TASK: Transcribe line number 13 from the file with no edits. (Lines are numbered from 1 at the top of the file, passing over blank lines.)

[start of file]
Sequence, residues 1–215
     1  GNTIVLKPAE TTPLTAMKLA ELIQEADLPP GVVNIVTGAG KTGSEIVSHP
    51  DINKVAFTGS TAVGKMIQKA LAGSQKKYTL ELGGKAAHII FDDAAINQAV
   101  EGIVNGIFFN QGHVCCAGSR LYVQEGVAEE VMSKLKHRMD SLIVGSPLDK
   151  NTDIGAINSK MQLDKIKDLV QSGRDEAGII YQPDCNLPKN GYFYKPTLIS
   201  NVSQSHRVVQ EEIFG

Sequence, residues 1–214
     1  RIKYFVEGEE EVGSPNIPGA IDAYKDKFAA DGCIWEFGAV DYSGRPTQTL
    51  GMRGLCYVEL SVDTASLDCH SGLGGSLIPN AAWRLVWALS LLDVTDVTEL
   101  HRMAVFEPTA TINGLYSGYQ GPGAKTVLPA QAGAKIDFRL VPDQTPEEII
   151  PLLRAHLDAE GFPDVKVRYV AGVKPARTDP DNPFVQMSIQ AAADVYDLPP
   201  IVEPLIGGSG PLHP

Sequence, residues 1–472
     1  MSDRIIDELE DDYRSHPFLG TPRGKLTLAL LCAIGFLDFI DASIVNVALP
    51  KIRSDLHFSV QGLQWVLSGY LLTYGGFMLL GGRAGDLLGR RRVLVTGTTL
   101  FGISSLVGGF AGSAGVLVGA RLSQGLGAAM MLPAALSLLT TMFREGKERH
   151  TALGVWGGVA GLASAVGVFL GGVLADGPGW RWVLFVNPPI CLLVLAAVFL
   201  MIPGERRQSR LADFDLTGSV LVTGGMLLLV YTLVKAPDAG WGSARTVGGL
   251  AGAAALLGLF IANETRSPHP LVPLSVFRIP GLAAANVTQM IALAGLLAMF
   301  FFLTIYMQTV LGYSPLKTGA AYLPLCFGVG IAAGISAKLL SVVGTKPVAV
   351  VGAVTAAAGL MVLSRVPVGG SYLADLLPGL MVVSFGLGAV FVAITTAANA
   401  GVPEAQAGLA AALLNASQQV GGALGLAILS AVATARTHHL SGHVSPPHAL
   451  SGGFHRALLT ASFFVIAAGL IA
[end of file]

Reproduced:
Sequence, residues 1–472